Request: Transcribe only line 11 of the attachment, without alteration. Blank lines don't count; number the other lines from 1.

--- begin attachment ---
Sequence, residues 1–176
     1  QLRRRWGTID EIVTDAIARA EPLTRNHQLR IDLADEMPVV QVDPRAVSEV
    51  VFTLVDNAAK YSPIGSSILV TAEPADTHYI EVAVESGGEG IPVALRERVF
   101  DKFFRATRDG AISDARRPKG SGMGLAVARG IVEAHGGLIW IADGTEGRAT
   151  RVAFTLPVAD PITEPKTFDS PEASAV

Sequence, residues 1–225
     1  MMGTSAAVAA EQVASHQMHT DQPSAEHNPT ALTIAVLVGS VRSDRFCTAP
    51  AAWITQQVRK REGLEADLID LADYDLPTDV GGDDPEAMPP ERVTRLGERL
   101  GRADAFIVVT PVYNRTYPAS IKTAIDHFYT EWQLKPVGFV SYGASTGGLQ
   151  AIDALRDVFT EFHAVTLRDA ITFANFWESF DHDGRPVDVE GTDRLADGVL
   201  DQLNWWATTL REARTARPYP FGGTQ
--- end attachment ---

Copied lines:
   201  DQLNWWATTL REARTARPYP FGGTQ